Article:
The General Data Protection Regulation (GDPR) is going to kick up a lot of dust when it arrives on May 25th this year.
If your website and business is not ready for it yet, this is a helpful mini list of areas your website should get sorted asap.
On May 25th this year the General Data Protection Regulation (GDPR) will start being enforced across Europe. It’s a shift in data protection laws that will filter through every aspect of the internet.
If you have a website, that means you too.
There is a certain density to the GDPR laws that make this list recommendations rather than concrete guidelines – the best approach is to work in tandem with your web developer/designer to make sure you are safe.
1) Take steps to talk to visitors about how you are using their data
This is a key point. The legality of consent will be in full swing and the nature of most websites is that at the moment a visitor arrives, they are being tracked. If you run Analytics (and you absolutely should be), you’ve even more to talk about.
But you can turn it into a positive. Show visitors how you use their data (improve their website experience, for example) and offer them the opportunity to remove all of their data from your records. More transparency, less skullduggery.
The three rights that will need to be addressed are a right to access, a right to be informed, and a right to object.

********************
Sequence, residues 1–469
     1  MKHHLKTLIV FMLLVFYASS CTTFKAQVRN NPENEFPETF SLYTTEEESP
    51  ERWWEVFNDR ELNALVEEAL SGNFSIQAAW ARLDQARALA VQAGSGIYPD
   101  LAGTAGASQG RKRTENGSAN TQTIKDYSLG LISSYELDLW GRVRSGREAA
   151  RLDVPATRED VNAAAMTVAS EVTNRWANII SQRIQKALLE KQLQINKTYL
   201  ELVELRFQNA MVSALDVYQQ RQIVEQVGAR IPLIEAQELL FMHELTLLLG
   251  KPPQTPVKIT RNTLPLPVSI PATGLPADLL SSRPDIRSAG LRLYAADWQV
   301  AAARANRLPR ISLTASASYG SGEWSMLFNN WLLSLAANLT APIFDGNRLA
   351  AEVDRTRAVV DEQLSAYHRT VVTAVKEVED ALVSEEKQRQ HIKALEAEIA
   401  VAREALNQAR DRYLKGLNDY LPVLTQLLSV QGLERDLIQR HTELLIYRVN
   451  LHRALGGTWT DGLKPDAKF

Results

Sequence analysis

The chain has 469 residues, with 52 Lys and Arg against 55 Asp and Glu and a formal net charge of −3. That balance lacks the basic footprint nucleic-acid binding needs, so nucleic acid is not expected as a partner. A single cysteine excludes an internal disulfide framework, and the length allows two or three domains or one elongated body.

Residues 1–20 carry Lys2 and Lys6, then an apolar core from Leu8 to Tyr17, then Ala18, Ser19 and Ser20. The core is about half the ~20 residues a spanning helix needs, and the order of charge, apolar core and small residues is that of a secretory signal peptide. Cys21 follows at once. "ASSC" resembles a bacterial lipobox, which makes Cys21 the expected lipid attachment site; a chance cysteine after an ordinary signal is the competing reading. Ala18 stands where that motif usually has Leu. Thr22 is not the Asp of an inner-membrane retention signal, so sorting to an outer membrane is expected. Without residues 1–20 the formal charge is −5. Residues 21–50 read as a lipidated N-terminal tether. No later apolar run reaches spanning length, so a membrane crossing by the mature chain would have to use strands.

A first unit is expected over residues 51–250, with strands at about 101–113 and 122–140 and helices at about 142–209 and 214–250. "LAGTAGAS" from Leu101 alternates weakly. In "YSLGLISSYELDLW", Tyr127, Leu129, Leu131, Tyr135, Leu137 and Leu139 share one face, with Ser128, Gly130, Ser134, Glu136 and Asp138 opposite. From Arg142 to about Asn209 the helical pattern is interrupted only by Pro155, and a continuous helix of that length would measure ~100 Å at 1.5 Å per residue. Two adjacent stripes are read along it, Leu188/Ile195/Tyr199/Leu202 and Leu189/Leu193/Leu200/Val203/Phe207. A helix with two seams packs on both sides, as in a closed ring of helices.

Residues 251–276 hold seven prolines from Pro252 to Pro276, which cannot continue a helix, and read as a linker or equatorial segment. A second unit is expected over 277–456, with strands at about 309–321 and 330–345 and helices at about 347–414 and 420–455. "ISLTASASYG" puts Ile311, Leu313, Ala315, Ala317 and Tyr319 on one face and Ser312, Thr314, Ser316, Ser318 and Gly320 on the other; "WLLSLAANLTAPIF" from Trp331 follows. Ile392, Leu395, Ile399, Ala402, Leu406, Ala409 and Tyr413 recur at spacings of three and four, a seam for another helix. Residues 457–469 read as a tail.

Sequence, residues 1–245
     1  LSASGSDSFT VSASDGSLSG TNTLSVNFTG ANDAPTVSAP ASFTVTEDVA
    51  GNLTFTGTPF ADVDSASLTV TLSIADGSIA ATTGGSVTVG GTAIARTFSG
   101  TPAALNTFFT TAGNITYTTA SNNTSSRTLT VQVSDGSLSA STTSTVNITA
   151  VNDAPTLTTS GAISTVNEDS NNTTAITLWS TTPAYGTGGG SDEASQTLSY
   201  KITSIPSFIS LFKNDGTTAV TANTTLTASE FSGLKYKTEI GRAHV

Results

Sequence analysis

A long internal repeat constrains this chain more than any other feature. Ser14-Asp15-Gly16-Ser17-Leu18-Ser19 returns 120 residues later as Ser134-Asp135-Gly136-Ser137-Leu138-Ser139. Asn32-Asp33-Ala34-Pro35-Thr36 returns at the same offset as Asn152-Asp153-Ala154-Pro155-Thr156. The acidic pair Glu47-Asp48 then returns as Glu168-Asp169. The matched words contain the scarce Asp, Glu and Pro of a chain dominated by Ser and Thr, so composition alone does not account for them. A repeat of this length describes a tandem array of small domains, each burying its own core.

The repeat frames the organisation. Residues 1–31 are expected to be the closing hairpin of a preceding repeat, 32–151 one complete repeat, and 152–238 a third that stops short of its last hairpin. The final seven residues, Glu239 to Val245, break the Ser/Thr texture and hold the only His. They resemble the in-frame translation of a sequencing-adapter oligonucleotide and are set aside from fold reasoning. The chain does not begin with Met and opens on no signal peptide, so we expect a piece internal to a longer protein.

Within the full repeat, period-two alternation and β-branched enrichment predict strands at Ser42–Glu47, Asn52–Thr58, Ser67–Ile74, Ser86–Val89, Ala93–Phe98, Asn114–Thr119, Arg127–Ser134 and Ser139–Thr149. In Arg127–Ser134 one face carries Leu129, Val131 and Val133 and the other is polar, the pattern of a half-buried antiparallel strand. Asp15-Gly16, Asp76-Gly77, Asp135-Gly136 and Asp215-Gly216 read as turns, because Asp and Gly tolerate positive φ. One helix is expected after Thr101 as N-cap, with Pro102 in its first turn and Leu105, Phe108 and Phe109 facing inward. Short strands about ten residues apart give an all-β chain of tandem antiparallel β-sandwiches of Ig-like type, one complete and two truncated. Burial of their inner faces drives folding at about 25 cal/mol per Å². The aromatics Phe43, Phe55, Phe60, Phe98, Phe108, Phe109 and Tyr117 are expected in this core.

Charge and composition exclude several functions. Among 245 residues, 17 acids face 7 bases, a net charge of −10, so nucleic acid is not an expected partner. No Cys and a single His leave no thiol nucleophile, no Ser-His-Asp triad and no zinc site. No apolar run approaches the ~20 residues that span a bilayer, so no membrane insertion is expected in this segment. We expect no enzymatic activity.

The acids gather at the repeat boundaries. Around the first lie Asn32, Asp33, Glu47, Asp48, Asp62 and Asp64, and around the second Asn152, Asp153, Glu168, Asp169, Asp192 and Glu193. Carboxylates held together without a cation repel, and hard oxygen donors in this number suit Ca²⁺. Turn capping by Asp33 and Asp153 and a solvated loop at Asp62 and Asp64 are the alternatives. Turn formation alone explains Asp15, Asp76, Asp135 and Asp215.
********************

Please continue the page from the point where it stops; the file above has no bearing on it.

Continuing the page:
2) Mailing Lists
Mailing lists are going to get run through the mill by the GDPR. If you’ve any mailing lists capturing emails on your site (a Mailchimp widget, for example), means you have to be clearer and more concise with what is happening. Double Opt Ins will become a set-in-stone option, there will be no more messing around with just adding people to lists.
Hate it when people just add you to their mailing list without asking? Well, they can get in trouble if they do that after May 25th.
3) Privacy, Terms and Conditions and Ecommerce Notices
This is all going to need to be rewritten. Some small additions will get you through, but you’ll have to make changes before May 25th, or you could easily get caught out. If you are tracking people through shopping carts, or attaching tags for remarketing purposes, this all has to be made clear and in user-friendly terminology. It can’t be buried under mountain of clauses and jargon.
So what do we suggest?
Take action sooner rather than later. That’s the principle here.
Talk to your developer and see what they have planned for GDPR, or if you’d like, get in touch with us here at Right Track Creative 🙂
All the best and good luck!